• Put your screen at a comfortable reading distance. Usually this is about 50 to 70 cm. With modern advanced screens you can put it closer to your eyes. Do you have reading glasses? Then it is even more important to put your screen at the right height and distance and to have regular breaks. The fact is that the use of reading glasses limits the choice of taking various body postures. Blinking regularly (or closing your eyes for a short moment) can also help to prevent getting dry and irritated eyes.
  • The screen should be large enough that you can see all the information that you need without having to click or drag with the mouse. You can alter this by adapting the settings of the software (ask your IT specialist if needed) or by using a bigger screen.
  • The lighting of your work station should be sufficient and be adapted to the nature of your work and your visual needs. Discuss this with your Prevention Officer or your manager and share your own solutions.
  • Use the sun blinds and/or brightness blinds to avoid bright light sources in your visual field. Avoid looking towards a window and avoid inconvenient glare, reflections and loss of contrast ratio. Light sources in your visual field may cause squeezing of your eyes or sitting in a collapsed position. Discuss possible solutions with the Prevention Officer or your manager and indicate if there are not enough possibilities to obstruct the inconvenient light.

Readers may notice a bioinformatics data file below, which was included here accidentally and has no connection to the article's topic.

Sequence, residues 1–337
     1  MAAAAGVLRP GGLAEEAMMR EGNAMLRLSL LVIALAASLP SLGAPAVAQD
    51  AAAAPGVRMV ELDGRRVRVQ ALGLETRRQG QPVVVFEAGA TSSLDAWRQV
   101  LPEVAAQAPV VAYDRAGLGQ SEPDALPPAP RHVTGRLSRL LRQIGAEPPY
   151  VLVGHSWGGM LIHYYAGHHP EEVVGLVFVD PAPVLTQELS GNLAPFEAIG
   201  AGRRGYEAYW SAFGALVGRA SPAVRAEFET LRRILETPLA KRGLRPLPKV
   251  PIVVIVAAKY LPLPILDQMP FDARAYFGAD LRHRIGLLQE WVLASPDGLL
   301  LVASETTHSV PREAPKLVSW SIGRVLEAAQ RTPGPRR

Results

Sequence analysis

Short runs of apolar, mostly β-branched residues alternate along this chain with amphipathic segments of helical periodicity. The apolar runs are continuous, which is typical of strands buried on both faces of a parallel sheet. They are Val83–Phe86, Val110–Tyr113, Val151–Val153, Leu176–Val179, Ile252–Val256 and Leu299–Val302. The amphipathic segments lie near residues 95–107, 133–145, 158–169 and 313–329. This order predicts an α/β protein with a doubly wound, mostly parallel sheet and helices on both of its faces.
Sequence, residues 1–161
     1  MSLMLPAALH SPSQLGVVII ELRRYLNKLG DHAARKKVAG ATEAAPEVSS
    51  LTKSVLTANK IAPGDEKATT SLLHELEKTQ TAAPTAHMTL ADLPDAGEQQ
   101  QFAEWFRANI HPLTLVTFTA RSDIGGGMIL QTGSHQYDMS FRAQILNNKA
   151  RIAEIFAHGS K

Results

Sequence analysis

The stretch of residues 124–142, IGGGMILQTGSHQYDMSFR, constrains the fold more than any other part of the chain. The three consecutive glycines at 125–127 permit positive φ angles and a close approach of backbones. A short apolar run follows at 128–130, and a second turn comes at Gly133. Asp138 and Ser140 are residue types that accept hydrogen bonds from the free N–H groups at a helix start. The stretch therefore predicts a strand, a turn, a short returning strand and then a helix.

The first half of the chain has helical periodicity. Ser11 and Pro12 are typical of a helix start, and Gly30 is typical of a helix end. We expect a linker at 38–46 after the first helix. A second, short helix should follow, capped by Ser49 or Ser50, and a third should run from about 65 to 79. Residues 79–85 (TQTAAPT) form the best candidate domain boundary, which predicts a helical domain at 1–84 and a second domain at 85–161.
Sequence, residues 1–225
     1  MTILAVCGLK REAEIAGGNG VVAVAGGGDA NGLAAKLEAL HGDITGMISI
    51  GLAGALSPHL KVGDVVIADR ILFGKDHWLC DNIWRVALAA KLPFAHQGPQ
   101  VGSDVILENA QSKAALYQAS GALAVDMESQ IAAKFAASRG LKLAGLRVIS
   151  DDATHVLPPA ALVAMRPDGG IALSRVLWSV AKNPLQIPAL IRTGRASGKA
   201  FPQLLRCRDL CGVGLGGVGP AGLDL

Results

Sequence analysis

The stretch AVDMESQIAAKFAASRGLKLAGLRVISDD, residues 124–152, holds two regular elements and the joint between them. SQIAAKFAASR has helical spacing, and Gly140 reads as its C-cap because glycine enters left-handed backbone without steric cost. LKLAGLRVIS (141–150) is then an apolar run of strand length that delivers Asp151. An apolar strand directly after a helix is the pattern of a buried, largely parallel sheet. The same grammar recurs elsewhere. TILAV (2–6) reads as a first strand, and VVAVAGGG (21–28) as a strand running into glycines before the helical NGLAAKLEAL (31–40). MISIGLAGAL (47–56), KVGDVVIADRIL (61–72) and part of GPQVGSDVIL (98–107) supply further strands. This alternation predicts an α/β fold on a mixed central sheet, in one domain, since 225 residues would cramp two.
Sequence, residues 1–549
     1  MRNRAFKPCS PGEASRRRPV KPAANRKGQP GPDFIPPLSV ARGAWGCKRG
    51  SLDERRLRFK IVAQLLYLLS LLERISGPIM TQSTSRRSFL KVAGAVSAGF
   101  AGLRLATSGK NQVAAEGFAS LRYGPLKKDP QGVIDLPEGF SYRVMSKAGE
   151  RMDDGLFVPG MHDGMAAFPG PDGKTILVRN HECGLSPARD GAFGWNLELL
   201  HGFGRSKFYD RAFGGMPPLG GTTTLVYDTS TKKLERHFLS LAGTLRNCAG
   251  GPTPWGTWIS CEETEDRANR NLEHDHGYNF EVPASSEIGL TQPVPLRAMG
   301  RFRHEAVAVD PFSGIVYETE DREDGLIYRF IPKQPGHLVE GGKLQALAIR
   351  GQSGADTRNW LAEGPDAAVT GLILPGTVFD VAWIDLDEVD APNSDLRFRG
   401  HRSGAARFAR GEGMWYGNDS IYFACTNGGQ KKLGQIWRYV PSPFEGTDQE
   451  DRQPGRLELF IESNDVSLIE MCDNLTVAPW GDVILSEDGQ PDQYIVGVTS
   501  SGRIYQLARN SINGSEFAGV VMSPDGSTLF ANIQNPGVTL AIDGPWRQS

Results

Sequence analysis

To prevent complaints due to prolonged computer work, it is important that you alternate your posture frequently during the day. To be able to do so, you must know AND use the possibilities. You can look for variety in the type of work: mostly with the mouse or mostly reading, in the working posture: sitting, standing, regularly walking away from the work station. You can also vary with regard to your eye strain: regularly looking away from the screen. With intensive computer work (long-term uninterrupted task with a lot of reading, intensive mouse use or intensive typing), frequent short breaks, for example micro pauses of approximately 20 seconds, are important. Always try to actually take your coffee and lunch break and do not skip it. If you do not know enough on how to alternate or properly set up your workplace, discuss this with the prevention officer, your supervisor or bring it up in a team consultation.